It's a current issue: human rights violations against Japan's ex-Comfort women

WNN Breaking

Poster asking if you remember Gernab Chancellor promoting reconcillation in 1971 and how in 2012 koreab women are still waiting for an apology,
This 2012 public poster designed by Korean professor Kyoungduk Seo, from the Sungshin Women’s University in Seoul, was placed in numerous locations downtown New York city in attempts to bring attention to the denials of worldwide authorities to recognize the atrocities in the military system of forced prostitution during World War II. Image: Voices of NY

(WNN/UN-OHCHR) United Nations, Geneva, SWITZERLAND, WESTERN EUROPE: UN High Commissioner for Human Rights Navi Pillay on Wednesday expressed profound regret that Japan has failed to pursue a comprehensive, impartial and lasting resolution of the issue of wartime sexual slavery, warning that the human rights of the victims, known as “comfort women”, continue to be violated decades after the end of the Second World War.

“During my visit to Japan in 2010, I appealed to the Government to provide effective redress to the victims of wartime sexual slavery,” the High Commissioner said. “Now, as my tenure in office comes to an end, it pains me to see that these courageous women, who have been fighting for their rights, are passing away one by one, without their rights restored and without receiving the reparation to which they are entitled.”

“This is not an issue relegated to history. It is a current issue, as human rights violations against these women continue to occur as long as their rights to justice and reparation are not realized,” she stressed.

Instead of justice, the High Commissioner said, the women are facing increasing denials and degrading remarks by public figures in Japan. A report issued by a Government-appointed study team on 20 June 2014, stated that “it was not possible to confirm that women were forcefully recruited.” Following the release of this report, a group in Tokyo publicly declared that “comfort women were not sex slaves but wartime prostitutes.”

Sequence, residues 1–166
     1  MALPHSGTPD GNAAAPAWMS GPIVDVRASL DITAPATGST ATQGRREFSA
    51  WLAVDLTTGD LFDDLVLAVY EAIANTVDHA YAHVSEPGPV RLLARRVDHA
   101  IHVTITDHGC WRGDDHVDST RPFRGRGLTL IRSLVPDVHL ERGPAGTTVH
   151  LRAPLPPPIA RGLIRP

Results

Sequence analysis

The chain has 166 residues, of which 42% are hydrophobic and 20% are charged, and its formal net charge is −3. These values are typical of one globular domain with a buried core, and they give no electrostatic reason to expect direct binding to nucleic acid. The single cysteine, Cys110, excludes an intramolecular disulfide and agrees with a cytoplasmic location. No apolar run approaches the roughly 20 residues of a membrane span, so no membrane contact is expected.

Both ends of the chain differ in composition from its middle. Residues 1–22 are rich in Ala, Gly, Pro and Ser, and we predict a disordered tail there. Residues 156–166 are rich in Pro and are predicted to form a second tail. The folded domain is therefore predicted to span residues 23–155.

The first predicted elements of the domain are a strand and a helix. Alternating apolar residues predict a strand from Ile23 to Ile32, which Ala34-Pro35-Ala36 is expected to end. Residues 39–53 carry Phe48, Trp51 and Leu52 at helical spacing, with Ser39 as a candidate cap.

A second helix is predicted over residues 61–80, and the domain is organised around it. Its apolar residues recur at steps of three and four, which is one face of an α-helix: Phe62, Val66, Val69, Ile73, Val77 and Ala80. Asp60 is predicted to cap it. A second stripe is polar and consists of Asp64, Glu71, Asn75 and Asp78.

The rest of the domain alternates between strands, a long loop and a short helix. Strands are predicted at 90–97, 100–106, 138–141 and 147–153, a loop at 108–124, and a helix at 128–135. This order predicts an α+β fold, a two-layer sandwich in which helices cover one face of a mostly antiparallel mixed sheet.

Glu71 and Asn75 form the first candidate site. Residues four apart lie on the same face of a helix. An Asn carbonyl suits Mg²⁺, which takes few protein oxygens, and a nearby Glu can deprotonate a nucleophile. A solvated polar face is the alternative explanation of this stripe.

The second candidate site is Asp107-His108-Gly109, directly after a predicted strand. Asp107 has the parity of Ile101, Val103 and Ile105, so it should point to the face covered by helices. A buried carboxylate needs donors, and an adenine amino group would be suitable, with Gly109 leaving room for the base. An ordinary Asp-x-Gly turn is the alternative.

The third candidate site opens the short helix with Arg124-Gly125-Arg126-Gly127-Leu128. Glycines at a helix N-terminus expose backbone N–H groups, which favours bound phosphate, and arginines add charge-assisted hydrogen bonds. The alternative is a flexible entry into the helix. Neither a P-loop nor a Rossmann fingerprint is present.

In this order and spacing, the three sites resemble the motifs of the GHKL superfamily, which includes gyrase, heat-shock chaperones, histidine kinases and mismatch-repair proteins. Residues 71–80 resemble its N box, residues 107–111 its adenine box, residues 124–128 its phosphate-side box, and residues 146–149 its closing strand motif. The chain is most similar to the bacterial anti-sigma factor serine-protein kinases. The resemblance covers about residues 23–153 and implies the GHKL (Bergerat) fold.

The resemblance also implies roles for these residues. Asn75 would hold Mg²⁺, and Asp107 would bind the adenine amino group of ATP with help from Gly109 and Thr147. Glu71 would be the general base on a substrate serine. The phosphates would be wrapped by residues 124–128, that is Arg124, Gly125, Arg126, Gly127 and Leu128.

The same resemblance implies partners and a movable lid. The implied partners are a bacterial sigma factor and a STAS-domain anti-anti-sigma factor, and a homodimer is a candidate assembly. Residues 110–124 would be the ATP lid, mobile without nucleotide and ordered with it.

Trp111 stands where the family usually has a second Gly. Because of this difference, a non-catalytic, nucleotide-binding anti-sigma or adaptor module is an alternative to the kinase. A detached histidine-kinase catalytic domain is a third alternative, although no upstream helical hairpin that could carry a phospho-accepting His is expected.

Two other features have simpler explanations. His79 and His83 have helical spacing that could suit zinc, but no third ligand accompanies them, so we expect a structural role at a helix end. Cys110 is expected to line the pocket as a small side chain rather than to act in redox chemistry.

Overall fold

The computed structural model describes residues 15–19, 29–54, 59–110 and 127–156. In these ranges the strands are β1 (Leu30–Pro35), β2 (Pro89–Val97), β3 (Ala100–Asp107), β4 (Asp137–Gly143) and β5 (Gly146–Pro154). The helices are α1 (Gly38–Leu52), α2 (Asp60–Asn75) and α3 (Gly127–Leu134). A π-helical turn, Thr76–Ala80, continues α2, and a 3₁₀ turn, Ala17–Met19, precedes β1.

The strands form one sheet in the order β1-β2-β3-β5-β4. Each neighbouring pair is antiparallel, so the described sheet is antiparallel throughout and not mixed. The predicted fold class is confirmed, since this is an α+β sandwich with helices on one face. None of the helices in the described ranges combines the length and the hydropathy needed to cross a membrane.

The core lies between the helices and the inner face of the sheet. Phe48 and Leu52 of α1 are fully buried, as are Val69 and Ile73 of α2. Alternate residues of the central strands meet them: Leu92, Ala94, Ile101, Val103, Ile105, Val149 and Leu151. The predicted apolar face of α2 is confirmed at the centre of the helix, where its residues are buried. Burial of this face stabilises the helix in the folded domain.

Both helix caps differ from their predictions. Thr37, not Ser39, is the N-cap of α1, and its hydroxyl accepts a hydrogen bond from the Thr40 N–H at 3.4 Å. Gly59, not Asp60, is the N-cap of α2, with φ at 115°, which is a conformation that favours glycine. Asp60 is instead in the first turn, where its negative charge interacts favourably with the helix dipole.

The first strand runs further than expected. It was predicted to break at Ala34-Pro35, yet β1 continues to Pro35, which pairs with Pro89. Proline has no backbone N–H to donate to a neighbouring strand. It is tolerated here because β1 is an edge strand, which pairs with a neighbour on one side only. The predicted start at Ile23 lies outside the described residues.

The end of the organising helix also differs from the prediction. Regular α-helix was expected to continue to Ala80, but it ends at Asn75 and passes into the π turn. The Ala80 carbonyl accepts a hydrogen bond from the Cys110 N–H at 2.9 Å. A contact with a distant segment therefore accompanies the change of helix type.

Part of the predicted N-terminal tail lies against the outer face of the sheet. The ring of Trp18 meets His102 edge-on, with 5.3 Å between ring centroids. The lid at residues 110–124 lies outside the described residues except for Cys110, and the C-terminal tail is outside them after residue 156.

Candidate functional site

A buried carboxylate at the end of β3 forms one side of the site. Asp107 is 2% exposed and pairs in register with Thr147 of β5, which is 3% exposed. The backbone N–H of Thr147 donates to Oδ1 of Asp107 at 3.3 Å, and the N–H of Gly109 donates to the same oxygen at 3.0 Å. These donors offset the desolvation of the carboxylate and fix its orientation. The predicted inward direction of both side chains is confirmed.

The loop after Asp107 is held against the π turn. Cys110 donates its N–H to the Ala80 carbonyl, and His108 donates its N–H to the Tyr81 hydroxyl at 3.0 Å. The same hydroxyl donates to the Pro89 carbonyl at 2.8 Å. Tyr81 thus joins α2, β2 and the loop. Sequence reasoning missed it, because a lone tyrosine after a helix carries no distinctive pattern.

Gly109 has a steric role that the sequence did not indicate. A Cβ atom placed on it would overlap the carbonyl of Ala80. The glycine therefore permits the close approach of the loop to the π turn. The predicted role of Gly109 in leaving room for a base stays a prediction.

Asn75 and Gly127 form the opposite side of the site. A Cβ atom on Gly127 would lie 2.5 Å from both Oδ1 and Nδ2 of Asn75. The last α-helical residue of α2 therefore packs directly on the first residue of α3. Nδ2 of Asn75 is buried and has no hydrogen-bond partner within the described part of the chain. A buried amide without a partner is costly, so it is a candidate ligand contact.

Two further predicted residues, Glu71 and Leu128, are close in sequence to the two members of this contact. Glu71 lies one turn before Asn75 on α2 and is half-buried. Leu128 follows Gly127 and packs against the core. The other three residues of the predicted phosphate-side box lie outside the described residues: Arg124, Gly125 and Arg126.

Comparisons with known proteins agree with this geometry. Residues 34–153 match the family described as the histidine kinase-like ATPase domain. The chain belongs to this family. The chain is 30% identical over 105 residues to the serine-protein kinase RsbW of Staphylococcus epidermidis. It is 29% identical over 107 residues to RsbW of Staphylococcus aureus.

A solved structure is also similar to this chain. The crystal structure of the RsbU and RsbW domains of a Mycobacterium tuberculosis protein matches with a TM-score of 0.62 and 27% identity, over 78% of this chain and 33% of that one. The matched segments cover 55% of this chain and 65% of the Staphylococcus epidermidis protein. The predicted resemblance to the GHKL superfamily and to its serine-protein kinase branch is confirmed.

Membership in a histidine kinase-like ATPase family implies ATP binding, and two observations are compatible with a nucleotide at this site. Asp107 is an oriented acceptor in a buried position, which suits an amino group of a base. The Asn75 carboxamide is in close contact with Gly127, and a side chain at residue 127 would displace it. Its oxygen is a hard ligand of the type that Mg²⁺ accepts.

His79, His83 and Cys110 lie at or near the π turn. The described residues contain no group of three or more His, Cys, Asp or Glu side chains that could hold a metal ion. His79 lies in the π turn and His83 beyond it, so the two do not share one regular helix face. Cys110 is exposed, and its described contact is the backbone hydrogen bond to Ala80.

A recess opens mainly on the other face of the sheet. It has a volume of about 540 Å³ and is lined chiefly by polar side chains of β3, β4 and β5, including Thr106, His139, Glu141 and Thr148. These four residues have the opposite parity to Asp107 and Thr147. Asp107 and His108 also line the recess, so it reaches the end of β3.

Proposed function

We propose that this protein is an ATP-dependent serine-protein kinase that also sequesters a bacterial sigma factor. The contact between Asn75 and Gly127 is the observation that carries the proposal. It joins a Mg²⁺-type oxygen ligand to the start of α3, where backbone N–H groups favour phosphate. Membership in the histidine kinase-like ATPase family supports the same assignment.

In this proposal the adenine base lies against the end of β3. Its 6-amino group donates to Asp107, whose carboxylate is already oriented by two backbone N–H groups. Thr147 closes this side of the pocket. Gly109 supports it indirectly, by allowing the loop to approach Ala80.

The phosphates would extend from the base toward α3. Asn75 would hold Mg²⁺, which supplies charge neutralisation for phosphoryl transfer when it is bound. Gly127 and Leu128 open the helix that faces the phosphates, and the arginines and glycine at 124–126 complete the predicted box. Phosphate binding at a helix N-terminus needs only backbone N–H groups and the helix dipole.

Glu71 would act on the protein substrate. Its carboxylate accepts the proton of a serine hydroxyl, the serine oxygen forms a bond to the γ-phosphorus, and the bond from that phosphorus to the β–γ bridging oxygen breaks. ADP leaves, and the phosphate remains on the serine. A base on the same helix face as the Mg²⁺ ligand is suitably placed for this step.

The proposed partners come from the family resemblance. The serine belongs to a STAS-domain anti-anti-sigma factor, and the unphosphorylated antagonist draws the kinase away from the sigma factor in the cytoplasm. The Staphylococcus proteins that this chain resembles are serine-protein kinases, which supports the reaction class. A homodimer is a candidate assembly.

“Such statements must cause tremendous agony to the women, but we have not seen any public rebuttal by the Government,” Pillay said.

Over the years, Japan has received recommendations from a number of UN independent experts, human rights treaty bodies and from the Human Rights Council under its Universal Periodic Review for it to take concrete measures to tackle the issue. Most recently, the UN Human Rights Committee, which oversees implementation of the International Covenant on Civil and Political Rights, called on Japan to take “immediate and effective legislative and administrative measures” to ensure that all allegations of sexual slavery are investigated and perpetrators prosecuted. It also called for access to justice and reparations for victims and their families, the disclosure of all evidence available, and education in the country surrounding the issue.

Pillay noted that Japan had signed the UN Declaration on the Prevention of Sexual Violence in Conflict last year and that it had offered strong support to the UK summit on sexual violence in conflict earlier this year

“I encourage Japan to pursue a comprehensive, impartial and lasting resolution of the wartime sexual slavery issue with the same vigour,” she added, noting the Office’s readiness to offer any necessary assistance.


This is a breaking news story coming from the United Nations Office of the High Commissioner for Human Rights.